George Washington had a point when he warned us against getting too caught up in political parties.
Our political system is increasingly difficult to navigate these days, especially when we look at primaries.
Political parties get to set the rules for their primaries in states like Idaho. The Republican Party closed its primary about a decade ago, forcing people to register as Republicans or be unable to participate. New rules were instituted this year making it even harder to navigate how to participate.
(The Democratic primary remains open in Idaho.)
Other states offer different approaches, such as a top-two outcome regardless of party or ranked-choice voting. Both of these approaches rely less on party affiliation and more on the voters responding to the candidates and their policies.
These systems also allow more people to participate, rather than locking people out.
We’ve seen what happens with a partisan primary setup here in Idaho. These types of primaries favor extremists. Even though we like to say that extremists “aren’t who we are,” our Legislature has been passing a lot of extremist laws in the last three years. Extremist lawmakers make up culture war “problems” and create bad policies to “solve” these non-existent issues.
Even though these extremists represent a minority of voters and people in Idaho, they carry out-sized influence. They don’t even have to be in the Legislature to influence our laws and policies.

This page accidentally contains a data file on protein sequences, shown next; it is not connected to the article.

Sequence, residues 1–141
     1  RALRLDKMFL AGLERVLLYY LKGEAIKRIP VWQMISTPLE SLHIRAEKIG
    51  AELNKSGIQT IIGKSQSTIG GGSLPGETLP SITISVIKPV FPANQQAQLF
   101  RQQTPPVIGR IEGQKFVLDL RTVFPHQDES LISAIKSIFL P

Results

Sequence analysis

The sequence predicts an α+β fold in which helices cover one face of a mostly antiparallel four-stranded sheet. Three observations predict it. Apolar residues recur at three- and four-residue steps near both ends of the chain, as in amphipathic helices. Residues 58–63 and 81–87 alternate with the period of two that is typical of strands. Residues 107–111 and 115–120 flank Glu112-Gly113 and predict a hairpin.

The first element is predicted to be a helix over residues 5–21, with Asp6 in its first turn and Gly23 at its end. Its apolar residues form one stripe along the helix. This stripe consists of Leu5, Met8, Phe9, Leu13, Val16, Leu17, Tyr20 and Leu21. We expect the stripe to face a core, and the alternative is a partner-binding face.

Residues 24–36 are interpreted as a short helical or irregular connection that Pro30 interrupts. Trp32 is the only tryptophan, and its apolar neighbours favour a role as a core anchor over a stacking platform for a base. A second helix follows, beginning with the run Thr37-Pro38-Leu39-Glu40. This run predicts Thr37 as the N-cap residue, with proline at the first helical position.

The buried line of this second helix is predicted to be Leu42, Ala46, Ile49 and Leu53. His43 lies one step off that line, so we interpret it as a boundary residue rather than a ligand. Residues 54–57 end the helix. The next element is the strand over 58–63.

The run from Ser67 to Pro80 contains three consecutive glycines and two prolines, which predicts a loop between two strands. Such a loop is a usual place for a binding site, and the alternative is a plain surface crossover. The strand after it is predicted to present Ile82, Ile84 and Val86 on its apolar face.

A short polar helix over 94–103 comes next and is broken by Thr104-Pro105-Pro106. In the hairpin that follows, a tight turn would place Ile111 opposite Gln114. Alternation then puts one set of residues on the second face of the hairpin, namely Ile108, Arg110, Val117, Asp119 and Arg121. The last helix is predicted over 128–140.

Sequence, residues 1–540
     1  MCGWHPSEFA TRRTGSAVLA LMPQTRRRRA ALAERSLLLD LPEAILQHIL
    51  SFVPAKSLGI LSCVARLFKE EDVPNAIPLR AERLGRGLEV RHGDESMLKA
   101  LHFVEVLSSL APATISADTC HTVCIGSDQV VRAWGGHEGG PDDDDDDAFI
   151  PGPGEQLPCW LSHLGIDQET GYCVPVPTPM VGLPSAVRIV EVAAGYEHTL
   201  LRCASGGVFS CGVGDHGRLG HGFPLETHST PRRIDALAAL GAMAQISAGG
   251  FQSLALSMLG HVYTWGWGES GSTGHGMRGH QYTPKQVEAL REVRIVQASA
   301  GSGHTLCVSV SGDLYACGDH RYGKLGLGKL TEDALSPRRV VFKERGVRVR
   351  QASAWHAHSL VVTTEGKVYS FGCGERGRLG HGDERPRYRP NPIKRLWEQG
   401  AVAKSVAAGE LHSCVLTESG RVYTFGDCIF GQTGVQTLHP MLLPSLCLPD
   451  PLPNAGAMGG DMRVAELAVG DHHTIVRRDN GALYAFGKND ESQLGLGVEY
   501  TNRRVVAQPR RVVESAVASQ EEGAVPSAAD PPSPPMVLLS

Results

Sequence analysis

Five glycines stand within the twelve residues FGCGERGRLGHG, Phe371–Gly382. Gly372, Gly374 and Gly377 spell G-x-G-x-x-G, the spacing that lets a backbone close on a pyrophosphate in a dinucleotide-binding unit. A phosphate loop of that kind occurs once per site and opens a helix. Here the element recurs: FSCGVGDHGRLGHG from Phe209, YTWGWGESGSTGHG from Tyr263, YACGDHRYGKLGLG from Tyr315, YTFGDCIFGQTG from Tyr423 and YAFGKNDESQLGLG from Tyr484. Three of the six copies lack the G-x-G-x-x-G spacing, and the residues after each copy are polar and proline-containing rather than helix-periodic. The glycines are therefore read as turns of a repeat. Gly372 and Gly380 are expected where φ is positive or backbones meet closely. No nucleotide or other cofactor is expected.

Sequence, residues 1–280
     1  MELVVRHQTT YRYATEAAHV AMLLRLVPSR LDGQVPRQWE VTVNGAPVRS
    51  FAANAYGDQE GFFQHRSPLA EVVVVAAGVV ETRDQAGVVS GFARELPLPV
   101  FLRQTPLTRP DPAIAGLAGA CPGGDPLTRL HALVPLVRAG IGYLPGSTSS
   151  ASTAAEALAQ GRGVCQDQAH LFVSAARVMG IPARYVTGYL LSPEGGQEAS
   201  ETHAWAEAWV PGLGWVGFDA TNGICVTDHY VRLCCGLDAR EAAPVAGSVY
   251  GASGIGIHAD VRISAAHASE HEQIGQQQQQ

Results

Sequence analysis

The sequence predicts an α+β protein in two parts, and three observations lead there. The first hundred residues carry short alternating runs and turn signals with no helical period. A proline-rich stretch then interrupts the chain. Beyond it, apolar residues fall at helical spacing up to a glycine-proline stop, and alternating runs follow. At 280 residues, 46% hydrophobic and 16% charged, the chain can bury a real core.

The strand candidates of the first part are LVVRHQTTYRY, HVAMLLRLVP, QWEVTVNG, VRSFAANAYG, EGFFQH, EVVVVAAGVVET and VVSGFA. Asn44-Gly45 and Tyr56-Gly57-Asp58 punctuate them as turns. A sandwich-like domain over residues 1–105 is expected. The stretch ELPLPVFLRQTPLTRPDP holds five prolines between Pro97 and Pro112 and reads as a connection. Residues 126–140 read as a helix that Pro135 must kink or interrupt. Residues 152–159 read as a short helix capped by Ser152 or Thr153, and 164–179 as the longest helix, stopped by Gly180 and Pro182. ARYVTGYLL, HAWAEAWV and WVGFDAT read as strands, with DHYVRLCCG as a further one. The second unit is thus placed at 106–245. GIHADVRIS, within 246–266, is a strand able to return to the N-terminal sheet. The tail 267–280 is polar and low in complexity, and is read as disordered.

There are enough moderates in the state Legislature to stop some of the harmful (and often unconstitutional) legislation that we’ve seen passed in the last three years. However, these moderates worry about being primaried by extremists and the money their backers will pour into the race. So, it makes it easier to go along. Reluctantly vote yes for this bill. Pander a bit over there. Offer a little performative hand-wringing.
There might be sighs of relief now that this recent primary is over, but you have only to look at recent legislation to see that moderates haven’t stopped any of it — even though they could have. Much of the extremist agenda pushed by the Idaho Freedom Foundation makes it through the House. A decent amount of it makes it through the Senate — and is signed by our governor.
All of this is enabled by a primary system that allows the few to push their agenda on the rest of us. Extremists are more likely to show up consistently in primaries, year after year. And, later, in the general election, people are more likely to just vote for their “team,” rather than assess whether the person running actually aligns with their values.
The entire party primary system we have right now favors rule by an extremist minority. And unless we push for change to this system, we will have more of the same going forward:
Frenzied attempts to “save” Idaho during the primary, with our governor going back to signing extremist bills into law while wringing his hands and saying he wishes the Legislature would send him something different.
Miranda Marquit, Master of Business Administration, is a nationally recognized financial expert, speaker and podcaster. She is the state committeewoman for the Bonneville County Democratic Central Committee.